Those are legitimate questions that will need to be addressed as the Bill goes through its further stages, as I hope it will. Costs, the level of parliamentary scrutiny and the sheer practicality of the legislation must all be examined. Nevertheless, my underlying point is that high hedges are a continuing serious problem worthy of the attention of the House, and I hope that my hon. Friend's Bill can make further progress.

12.47 pm

The Parliamentary Under-Secretary of State for the Environment, Transport and the Regions (Mr. Robert Ainsworth): He that plants trees loves others besides himself--or so says the proverb. If that were universally true, we should not be here today.

I congratulate the hon. Member for Solihull (Mr. Taylor) on introducing the High Hedges Bill, and am pleased to confirm that the Government welcome and support the measure. Unfortunately, some of the stories that we have heard today suggest that not everyone who plants trees has good intentions towards their neighbours. We have been told about the terrible conditions that have been inflicted on people by ill-advised planting or the lack of maintenance of boundary hedges. Leylandii have been mentioned frequently, but they are by no means the only culprits.

The old saying that an Englishman's home is his castle aptly captures the jealousy with which we tend to defend our territory and privacy. Our castle walls are the panel fences that we put up or the hedges that we plant. To ensure that our green defences are immediate, the fastest

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growing plants are selected. However, in putting up these barricades, we do not always think about the effects on those living on the other side of the hedge.

The effects will vary from case to case, but the most frequently mentioned problems are reduction in light to homes and gardens; the blocking of cherished views, especially of the countryside or coast; the difficulty of growing plants near to the hedges; and worries that roots might lead to property damage through subsidence. All those factors can lead to a general sense of oppression and being hedged in, or to a feeling that enjoyment of one's home and garden has been spoiled. A quiet word with the owner to point out the harmful effects of the hedge may be all that is needed to resolve a problem, but if such an approach is rebuffed, there is little that the person affected by the hedge can do to force his neighbour to negotiate or to obtain any relief.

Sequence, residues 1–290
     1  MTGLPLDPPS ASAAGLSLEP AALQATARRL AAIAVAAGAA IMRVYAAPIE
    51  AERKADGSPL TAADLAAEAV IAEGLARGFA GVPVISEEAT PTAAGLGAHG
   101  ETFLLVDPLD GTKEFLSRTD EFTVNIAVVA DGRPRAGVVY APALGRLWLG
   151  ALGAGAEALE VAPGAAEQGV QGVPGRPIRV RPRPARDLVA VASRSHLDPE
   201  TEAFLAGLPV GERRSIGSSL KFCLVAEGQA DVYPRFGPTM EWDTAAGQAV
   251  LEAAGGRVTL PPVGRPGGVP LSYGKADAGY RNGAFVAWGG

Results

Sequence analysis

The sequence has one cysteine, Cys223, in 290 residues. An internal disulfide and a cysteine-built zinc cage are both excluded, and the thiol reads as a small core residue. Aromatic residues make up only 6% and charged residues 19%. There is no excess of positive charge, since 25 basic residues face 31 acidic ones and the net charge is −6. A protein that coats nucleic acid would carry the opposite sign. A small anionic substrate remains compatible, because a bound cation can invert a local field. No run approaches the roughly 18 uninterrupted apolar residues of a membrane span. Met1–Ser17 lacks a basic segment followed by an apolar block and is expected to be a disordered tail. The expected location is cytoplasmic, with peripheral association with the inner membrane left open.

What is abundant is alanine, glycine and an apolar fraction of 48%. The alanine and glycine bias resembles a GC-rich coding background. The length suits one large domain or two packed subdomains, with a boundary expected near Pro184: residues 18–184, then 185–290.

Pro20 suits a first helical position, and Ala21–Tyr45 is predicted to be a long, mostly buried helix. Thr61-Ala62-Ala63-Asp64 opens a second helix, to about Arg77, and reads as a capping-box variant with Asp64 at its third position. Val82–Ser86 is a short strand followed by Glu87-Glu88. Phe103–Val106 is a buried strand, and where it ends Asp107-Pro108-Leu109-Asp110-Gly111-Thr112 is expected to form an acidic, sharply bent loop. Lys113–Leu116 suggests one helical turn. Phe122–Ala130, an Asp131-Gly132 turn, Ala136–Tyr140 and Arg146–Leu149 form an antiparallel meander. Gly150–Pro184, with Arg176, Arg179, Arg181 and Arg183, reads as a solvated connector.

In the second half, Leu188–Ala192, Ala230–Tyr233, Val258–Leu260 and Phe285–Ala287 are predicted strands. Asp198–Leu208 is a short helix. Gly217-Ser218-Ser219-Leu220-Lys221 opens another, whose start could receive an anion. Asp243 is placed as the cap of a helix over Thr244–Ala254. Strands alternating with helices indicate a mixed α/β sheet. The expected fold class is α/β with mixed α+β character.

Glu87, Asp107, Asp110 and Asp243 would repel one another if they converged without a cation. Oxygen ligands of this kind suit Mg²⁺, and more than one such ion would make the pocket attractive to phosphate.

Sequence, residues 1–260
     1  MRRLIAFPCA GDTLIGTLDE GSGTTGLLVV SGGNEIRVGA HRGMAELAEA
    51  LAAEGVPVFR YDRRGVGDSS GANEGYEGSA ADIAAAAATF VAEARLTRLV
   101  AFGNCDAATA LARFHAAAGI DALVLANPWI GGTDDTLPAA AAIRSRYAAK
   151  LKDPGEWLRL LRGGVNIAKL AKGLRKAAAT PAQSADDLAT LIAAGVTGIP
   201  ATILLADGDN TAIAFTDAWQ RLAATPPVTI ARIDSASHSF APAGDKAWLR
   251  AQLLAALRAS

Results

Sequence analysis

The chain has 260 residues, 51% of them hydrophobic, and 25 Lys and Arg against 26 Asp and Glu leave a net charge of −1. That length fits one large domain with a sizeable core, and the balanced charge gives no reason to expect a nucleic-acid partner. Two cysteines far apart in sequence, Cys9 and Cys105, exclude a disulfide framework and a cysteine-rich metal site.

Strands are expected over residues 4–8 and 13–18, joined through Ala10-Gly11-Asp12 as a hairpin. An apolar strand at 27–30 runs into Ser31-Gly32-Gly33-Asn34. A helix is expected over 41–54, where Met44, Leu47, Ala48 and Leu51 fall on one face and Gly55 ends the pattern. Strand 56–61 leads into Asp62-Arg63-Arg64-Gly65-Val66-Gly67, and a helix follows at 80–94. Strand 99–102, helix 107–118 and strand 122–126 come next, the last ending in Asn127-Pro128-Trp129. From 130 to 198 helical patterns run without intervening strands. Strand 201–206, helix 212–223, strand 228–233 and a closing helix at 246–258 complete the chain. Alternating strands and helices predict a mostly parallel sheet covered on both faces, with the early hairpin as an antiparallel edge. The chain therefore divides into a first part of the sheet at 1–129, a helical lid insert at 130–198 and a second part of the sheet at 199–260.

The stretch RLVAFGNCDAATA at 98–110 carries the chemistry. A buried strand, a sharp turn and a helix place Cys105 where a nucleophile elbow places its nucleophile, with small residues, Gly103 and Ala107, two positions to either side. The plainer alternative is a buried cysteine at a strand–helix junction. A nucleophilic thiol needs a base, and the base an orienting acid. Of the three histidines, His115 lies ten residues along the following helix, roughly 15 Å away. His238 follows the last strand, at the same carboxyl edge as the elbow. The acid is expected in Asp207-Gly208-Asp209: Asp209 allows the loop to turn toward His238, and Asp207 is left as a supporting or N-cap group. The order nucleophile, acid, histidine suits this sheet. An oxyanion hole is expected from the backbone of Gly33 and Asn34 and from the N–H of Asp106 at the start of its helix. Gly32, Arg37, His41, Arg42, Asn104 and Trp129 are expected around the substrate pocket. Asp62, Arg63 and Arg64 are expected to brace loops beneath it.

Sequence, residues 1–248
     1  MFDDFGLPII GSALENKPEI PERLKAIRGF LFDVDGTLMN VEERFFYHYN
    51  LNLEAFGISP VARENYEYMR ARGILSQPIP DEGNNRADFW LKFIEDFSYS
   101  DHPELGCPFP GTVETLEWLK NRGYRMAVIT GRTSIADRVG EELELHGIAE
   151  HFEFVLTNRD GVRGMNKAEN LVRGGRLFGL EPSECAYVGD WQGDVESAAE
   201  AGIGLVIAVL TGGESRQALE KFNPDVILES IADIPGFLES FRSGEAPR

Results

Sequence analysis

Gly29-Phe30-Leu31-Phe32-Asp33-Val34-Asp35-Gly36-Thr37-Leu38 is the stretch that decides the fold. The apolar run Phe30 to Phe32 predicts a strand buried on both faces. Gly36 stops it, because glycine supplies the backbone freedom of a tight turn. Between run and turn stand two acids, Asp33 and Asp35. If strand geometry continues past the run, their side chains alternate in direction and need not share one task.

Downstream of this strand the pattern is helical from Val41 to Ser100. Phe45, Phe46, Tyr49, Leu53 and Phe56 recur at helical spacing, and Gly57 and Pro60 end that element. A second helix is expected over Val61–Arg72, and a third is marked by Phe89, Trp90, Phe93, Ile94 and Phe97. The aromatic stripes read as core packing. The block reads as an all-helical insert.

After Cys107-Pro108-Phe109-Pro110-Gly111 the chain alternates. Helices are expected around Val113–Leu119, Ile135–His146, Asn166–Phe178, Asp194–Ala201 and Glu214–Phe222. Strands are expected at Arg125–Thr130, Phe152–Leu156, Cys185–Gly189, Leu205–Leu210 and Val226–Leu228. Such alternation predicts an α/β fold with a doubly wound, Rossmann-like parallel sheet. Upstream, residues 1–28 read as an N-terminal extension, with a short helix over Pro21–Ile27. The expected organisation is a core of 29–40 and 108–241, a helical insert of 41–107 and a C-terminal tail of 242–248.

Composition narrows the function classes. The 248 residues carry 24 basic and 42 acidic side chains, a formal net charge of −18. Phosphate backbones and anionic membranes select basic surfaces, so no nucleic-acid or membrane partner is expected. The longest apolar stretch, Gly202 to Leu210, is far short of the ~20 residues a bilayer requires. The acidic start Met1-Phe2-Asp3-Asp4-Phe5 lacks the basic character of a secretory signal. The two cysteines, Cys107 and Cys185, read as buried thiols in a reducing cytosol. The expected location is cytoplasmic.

As my hon. Friend the Member for Birmingham, Selly Oak (Dr. Jones) said, the Government have responded to pressure from her and many other hon. Members. In particular, I congratulate my hon. Friend the Member for Coventry, South (Mr. Cunningham), my constituency neighbour, on all the work that he did over a long period to organise consultation. The response was overwhelming, and the Department of the Environment, Transport and the Regions received more than 3,000 replies. To put that in context, the Department's consultation exercises usually generate hundreds rather than thousands of responses. As might have been expected, there was much public interest, and 91 per cent. of responses came from members of the public. A significant proportion of local authorities--about 40 per cent--took the time to let us know what they think.

There are striking similarities between the views expressed by local councils and the public. The vast majority of respondents, including 95 per cent. of individual members of the public who responded and 77 per cent. of local authorities, believe that new laws are the answer to the high hedge problem. As to what form such laws should take, a new complaints system run by local authorities is the clear favourite; it is supported by 73 per cent. of the public and 67 per cent. of local authorities.

The consultation shows enormous support for tougher controls on high hedges. The Government take such neighbourhood problems seriously, so last summer we announced that we would prepare legislation to give local authorities in England the power to determine complaints about problem garden hedges. The National Assembly for Wales decided that any new legislation should apply to Wales.

On territorial coverage, I should add that the Bill deals with devolved matters, so it is for the Scottish Parliament and the Northern Ireland Assembly to decide whether to take action with respect to problem hedges. Following a separate consultation, the Scottish Parliament announced on 31 January that it has decided in principle that a statutory remedy of last resort is required. That would involve complaints to local authorities and enforcement action in appropriate cases. No commitment has been given as to when legislation will be introduced. I understand that Northern Ireland has no plans to legislate.